Mock Goose and Lord Woolton’s Pie: Shopping, Eating, and Cooking ‘On the Ration’ in World War II Britain

Annette Laing, 
Author, Academic, Public Historian

When war broke out in 1939, the British people, long dependent on imported foods, found themselves thrown back on their own resources. Sure, they had a little help from their American friends, much of it in the form of powdered eggs and Spam. Continue reading

How the Frugality of Rural Foodways Reshaped this Nationally Acclaimed Chef

Presented by Vivian Howard
Chef, Author, PBS Host

View presentation on Facebook

Vivian Howard moved from New York back to her rural hometown to open a fine-dining restaurant that she hoped would reshape the palates of eastern North Carolina. But an encounter with collard kraut and a trip to “America’s largest pork display” ignited her interest in the traditional foods and culinary techniques unique to the Carolina coastal plain she calls home. Continue reading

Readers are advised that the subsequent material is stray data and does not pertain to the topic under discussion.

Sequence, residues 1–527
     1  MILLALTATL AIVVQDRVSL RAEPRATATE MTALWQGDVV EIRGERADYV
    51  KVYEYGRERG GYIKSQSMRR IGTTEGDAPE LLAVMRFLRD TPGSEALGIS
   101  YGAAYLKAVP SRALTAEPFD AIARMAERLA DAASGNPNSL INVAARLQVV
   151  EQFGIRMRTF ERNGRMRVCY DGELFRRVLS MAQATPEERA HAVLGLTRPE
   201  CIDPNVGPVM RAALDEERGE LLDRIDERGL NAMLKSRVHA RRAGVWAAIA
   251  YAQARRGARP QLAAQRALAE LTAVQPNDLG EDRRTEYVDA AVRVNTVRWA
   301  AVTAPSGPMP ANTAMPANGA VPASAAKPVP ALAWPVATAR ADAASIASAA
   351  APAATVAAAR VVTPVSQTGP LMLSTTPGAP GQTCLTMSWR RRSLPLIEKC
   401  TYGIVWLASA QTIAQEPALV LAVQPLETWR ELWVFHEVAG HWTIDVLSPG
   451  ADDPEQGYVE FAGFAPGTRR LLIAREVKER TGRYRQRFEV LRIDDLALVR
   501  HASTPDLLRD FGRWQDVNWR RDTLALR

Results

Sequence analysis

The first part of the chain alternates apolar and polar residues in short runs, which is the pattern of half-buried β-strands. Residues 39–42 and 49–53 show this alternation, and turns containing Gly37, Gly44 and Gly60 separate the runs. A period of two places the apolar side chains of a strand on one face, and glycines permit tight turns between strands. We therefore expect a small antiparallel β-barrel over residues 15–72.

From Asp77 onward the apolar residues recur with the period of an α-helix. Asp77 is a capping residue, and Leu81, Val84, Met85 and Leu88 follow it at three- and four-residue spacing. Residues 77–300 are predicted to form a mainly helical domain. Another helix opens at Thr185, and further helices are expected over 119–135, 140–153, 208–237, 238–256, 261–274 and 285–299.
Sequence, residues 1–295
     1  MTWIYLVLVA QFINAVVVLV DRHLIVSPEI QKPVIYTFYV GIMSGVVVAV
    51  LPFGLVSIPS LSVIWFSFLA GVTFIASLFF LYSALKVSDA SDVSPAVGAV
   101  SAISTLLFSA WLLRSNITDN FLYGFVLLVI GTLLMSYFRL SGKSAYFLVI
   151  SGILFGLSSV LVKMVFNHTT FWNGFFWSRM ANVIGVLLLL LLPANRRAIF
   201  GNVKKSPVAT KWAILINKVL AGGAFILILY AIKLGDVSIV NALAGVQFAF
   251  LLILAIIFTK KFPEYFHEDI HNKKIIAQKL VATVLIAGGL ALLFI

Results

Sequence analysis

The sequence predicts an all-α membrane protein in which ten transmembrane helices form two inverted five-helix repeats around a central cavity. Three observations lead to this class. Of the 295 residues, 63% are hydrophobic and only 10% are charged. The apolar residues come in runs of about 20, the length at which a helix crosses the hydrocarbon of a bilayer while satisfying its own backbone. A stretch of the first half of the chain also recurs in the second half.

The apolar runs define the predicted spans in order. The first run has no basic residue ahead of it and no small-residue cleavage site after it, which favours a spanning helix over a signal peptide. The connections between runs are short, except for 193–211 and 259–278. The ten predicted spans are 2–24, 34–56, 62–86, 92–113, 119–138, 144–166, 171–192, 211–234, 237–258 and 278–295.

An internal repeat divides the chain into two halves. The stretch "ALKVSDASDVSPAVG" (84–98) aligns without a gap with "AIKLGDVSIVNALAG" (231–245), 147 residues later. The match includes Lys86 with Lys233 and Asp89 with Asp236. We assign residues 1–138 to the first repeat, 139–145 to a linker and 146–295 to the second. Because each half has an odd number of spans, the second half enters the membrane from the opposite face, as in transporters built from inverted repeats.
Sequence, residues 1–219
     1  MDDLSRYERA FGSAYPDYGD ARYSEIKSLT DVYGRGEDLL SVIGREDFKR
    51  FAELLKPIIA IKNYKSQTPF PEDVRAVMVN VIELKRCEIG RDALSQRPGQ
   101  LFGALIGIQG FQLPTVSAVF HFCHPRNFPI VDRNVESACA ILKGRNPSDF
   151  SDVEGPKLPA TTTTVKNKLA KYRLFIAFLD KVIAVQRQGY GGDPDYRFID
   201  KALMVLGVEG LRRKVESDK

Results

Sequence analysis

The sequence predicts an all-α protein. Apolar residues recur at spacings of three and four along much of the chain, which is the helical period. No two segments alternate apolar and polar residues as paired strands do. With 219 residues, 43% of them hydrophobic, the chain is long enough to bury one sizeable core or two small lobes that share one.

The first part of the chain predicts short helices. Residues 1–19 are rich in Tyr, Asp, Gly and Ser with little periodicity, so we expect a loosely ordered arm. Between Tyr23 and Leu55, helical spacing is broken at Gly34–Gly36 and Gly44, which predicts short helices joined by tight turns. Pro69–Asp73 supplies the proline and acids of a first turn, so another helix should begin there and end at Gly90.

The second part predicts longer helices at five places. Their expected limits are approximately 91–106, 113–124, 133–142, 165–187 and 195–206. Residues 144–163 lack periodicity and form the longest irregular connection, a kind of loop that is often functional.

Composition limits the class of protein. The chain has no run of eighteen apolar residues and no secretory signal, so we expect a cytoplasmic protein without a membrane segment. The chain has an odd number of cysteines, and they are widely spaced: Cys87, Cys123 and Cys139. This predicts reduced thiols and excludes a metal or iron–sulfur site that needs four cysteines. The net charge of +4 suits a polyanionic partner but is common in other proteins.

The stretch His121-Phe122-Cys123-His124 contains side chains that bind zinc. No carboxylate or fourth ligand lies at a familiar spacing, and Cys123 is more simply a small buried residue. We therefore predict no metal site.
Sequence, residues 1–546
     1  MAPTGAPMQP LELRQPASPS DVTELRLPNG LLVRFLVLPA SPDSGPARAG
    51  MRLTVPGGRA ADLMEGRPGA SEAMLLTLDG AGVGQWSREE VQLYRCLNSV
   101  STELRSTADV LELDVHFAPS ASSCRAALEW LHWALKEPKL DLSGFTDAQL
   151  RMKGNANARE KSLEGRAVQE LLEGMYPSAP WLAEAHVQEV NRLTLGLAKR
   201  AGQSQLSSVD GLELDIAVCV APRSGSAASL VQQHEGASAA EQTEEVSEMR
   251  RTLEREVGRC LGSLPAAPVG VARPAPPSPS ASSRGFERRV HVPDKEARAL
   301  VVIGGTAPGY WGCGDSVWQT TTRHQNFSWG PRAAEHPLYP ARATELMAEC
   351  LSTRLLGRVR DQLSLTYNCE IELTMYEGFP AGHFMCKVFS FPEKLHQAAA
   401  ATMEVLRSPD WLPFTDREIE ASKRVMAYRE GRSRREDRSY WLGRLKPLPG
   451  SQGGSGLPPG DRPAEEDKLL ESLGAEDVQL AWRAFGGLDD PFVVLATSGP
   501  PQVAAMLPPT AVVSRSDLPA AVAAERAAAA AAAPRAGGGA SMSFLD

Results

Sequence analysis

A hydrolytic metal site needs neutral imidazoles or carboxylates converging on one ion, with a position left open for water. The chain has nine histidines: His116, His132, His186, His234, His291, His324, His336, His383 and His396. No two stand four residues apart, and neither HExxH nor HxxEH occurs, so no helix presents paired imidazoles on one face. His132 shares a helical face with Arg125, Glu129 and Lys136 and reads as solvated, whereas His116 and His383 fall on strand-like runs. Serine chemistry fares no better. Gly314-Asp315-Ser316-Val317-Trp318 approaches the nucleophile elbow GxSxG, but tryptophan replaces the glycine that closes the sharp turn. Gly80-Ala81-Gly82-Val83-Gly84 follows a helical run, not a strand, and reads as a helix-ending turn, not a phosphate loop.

A Curious, Secret Spice in your Masala?

Stoney Curry Lichen
Stone Curry Lichen

Presented by Priya Mani
Live from Denmark

This will not be simulcast on Facebook nor hosted on YouTube. 
If you are missing the meeting and wish to watch it later, 
please email culinaryhistorians@gmail.com for a link.

A talk by Priya Mani on gathered, edible lichens from the Indian subcontinent. It is hardly imaginable that a lichen scraped off tree barks in the sub-Himalayan forests is the decisive and defining ingredient of what we know and imagine as “spicy-Indian.” Continue reading